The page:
You may know L.A. local John August from his screenwriting credits, which include “Big Fish,” “Charlie’s Angels” and “Charlie and the Chocolate Factory.” But, now he’s notched up a new credit: middle-grade novelist. “Arlo Finch in the Valley of Fire,” an engaging and exciting blend of magic, mayhem and mystery, introduces readers to 12-year-old Arlo, a newcomer to Pine Mountain, Col. Arlo soon makes friends and is invited to join the Rangers, a scouting troop where conventional and unconventional scouting skills are taught. Arlo learns, after several close calls, that there are magical things going on in the nearby woods and they’re not necessarily good. He must find the strength and courage to face the strange challenges he continually faces in his new hometown.
Writing this novel was not a huge leap for August, whose first screenwriting jobs were adaptions of books he loved as a kid: “How to Eat Fried Worms” and “A Wrinkle in Time.” Neither was ever produced (the screenwriter for director Ava DuVernay’s “A Wrinkle in Time” is Jennifer Lee), but August says adapting those books helped him remember why he loved them so much as a kid.
Ultimately, working on “Charlie and the Chocolate Factory” did the trick. “It was my favorite book in third grade – so much so that I wrote to the author, Roald Dahl. He sent me back a postcard that I’ve kept to this day. As a 10-year-old, I had no idea that one day I’d be writing the screenplay for Tim Burton’s adaptation,” August says.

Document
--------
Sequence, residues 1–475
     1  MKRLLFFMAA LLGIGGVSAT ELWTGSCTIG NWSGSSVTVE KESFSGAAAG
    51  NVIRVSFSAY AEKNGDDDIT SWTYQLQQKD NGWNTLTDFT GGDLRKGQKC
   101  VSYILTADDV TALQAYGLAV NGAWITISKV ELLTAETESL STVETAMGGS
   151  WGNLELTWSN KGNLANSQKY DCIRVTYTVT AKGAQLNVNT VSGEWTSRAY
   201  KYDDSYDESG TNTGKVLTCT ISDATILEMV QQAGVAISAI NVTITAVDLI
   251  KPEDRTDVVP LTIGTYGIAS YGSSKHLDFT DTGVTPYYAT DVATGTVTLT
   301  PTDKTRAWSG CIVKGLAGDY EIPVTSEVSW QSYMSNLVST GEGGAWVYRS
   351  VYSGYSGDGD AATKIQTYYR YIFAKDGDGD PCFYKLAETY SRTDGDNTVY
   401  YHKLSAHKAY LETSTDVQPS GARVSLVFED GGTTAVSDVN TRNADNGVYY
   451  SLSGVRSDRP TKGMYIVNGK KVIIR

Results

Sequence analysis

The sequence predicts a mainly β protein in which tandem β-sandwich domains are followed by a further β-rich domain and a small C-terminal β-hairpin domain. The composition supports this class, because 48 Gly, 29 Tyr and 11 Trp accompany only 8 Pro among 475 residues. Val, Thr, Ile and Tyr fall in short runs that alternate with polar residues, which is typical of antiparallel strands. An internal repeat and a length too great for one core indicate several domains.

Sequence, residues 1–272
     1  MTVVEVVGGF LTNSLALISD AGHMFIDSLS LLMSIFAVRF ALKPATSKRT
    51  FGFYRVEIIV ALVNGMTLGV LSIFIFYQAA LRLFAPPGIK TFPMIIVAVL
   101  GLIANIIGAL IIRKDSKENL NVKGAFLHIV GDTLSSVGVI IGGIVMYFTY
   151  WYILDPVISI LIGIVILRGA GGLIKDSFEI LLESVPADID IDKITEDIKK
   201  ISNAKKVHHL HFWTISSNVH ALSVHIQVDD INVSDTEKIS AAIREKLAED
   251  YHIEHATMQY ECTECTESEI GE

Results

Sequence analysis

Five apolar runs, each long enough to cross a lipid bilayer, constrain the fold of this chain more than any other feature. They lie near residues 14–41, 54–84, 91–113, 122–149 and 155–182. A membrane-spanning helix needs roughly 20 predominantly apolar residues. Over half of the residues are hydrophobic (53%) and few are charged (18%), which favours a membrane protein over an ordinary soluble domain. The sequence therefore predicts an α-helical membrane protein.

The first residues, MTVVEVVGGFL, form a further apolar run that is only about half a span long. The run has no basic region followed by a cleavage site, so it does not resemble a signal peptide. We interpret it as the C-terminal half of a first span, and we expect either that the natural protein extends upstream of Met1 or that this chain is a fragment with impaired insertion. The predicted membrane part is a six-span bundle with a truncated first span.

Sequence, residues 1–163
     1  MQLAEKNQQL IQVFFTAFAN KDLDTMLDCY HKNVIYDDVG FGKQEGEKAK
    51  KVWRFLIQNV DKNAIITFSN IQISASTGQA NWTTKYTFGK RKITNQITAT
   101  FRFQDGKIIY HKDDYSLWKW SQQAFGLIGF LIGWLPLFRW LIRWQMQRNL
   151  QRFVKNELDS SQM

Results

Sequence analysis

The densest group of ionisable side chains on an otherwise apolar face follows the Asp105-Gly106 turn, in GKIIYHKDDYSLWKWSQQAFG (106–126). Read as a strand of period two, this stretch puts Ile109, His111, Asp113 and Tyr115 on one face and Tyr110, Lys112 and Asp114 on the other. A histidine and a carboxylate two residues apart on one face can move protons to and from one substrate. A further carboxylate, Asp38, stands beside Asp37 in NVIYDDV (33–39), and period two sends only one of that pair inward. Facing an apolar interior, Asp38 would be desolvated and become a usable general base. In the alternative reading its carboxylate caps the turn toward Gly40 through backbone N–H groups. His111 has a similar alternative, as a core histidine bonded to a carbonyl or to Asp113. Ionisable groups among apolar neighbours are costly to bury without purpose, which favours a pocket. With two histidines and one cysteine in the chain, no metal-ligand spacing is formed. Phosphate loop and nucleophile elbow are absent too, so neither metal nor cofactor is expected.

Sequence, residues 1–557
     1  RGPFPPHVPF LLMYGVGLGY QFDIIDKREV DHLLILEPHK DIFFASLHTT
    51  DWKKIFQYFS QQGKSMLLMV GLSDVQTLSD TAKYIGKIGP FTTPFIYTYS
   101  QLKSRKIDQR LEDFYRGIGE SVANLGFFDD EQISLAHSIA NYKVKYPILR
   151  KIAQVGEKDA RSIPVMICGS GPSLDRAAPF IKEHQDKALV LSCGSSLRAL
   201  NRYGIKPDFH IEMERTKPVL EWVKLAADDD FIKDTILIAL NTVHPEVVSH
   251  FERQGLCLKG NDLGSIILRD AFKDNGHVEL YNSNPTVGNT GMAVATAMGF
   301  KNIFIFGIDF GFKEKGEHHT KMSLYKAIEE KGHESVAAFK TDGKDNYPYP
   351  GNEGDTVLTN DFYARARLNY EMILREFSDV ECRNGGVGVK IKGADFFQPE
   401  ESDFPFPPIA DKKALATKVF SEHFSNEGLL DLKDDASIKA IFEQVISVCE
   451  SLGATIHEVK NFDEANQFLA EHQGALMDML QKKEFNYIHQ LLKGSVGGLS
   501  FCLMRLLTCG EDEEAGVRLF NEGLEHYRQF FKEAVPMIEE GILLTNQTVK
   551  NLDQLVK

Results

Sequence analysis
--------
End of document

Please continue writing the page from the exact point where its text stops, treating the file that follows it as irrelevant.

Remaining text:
Is writing kids’ books anything like writing screenplays?
Screenplays are written in a voice that’s similar to middle-grade fiction. It’s descriptive but conversational, and closely locked to the point of view of the hero.
That said, books really are a different beast. In screenplays, writers are limited to what an audience could see or hear. In books, writers are free to do anything. You can go inside a character’s head or describe textures and smells. You can [compress] days and weeks in a few sentences.
Probably the greatest thing kids’ books and movies have in common is that there’s a real pressure to get to the next thing. Adult fiction can linger. Middle grade needs to keep moving.
As a tween, were you anything like your main character, Arlo Finch?
Definitely. I was shy but curious, with a tendency to wander down any interesting path – real or metaphorical. And like Arlo, I was useless without my friends. I’m lucky that many of them are still my friends to this day.
What magic ability, like those possessed by experienced Rangers, would you wish for?
Rangers have a skill called a snaplight, which is a little glowing meteor they can shoot from their fingertips. I have a hunch that if I possessed this ability, I would use it nonstop. It’s just so handy and cool.
Now that you’ve experienced the joy of writing for children, do you see yourself continuing on this path?
I’ve loved writing these books, and I’ll definitely write more. At the same time, I’ll keep writing for adults, both in films and novels.